I don’t think that we should hide death from children, as it is one of the natural parts of the great cycle of life. Children need to learn how to understand the world, how to think about what happens in it, good and bad, and how to express their own feelings in a healthy way. I don’t see why a child of 4-5 would be too young. They might not fully understand it at first, but before long, death on TV or in movies or books, death of a pet or perhaps a classmate or grandparent will be part of what they see, and I see no good reason not to start preparing them for that gradually.
Perhaps the urge to cover it up, even if it’s just a goldfish, stems from the impulse to try to keep them happy at all times. Or perhaps it is a result of your own discomfort with the topic. If the latter, I would recommend taking a little time to reflect upon your own (perhaps spiritual) beliefs and your emotions about the topic first, and then think about how to discuss the topic with your child the next time the topic does come up, whether as a floating goldfish, or a news story on TV, a character dying in a storybook, or just an innocent question out of the blue.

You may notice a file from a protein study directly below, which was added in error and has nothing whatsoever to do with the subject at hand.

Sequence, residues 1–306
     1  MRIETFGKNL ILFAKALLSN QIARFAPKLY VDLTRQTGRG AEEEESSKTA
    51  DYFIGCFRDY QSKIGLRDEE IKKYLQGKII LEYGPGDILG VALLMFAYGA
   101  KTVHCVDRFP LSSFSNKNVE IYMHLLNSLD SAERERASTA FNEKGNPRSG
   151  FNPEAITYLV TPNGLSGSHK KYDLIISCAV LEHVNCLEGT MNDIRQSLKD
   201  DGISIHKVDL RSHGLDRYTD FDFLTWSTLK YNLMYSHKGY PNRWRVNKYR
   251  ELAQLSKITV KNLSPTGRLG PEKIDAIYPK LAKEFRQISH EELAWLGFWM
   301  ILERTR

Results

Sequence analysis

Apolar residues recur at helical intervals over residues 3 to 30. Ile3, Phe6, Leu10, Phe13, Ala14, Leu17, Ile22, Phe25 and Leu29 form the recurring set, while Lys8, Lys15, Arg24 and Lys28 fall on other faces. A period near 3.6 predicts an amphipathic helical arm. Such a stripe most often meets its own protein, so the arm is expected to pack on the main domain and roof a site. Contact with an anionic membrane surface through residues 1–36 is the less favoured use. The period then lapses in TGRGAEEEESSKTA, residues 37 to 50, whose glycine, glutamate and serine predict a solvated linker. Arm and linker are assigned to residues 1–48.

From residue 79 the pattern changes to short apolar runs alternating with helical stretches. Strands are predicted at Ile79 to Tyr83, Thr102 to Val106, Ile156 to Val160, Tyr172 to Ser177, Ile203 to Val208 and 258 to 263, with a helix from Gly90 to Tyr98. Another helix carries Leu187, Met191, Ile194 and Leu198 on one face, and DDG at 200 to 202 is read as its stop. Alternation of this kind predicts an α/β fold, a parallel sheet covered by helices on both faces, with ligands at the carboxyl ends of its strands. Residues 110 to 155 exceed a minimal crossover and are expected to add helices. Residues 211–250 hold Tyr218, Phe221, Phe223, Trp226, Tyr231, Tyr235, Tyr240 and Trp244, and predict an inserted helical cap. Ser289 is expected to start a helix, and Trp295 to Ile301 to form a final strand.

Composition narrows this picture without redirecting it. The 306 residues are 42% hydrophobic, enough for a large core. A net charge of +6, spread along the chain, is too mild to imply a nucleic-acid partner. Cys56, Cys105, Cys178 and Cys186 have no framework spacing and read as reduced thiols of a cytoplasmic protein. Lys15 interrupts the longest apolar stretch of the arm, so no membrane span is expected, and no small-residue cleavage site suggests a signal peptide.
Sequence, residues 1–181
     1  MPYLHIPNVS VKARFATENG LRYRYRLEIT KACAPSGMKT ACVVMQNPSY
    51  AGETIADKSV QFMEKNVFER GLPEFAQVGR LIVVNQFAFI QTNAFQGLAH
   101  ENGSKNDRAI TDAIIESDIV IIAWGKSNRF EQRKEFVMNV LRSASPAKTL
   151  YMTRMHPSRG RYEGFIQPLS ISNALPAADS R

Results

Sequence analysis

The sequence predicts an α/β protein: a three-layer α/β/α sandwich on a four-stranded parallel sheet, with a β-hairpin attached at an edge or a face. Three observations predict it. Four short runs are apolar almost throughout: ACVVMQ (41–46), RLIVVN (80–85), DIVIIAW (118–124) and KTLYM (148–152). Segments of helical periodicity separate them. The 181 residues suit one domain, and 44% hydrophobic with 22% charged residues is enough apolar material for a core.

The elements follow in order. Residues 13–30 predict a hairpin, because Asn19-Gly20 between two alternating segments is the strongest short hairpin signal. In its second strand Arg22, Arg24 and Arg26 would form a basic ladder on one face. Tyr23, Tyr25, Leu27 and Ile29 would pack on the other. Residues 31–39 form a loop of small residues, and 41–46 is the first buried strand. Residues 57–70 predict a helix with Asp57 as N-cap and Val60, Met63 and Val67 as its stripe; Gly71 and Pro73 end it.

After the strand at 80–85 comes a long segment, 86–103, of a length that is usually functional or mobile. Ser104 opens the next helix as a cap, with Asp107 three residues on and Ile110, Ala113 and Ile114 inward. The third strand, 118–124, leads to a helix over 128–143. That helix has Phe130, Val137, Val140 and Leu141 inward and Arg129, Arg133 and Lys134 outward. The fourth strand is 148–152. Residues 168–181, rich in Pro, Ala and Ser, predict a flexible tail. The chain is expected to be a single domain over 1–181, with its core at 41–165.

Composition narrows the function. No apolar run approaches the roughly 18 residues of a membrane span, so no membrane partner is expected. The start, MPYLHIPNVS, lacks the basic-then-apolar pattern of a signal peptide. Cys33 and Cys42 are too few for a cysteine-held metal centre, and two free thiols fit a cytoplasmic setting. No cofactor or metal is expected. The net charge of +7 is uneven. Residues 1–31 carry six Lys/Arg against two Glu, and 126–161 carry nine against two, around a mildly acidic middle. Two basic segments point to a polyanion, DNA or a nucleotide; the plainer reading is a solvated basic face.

I would be perfectly honest about it. I would teach that death is just part of life, and that nothing lives forever. If you have spiritual beliefs about what happens afterwards, talk about them; if not, then perhaps a comparison to sleep would be non-religious yet non-threatening. If you want to bring it up out of the blue, start with the least threatening examples, like when plants die, or when leaves fall. If talking about a pet or a person, be honest. Talk about sadness. Talk about how the sadness fades, and you learn to accept it. Talk about how a loved one, perhaps a grandparent or parent of your own, lives on through your memories, through the love between you, and possibly through what they accomplished. Take them with you when you visit a gravesite of a loved one. Have them help you choose flowers, and place them there. I don’t see why an child would be too young to accompany you on such a visit. They’ll understand however much they understand, and it will be a healthy part of their experience as they grow up.
There are values related to life and death which I would want my child to learn, including the value of life, and respect for life; the fact of death, and respect for the dead and for the grieving; the fact that it’s healthy to be sad, and to express that sadness, and how expressing sadness helps us get over sadness; the importance of comforting those who grieve and remembering and honoring our departed loved ones. I think that the loss of a pet or a classmate is as good a time as any to start talking about and teaching those values.
But do try to become comfortable with the topic first, because if you’re uncomfortable, I’ll bet your child will pick up on it and become uncomfortable too.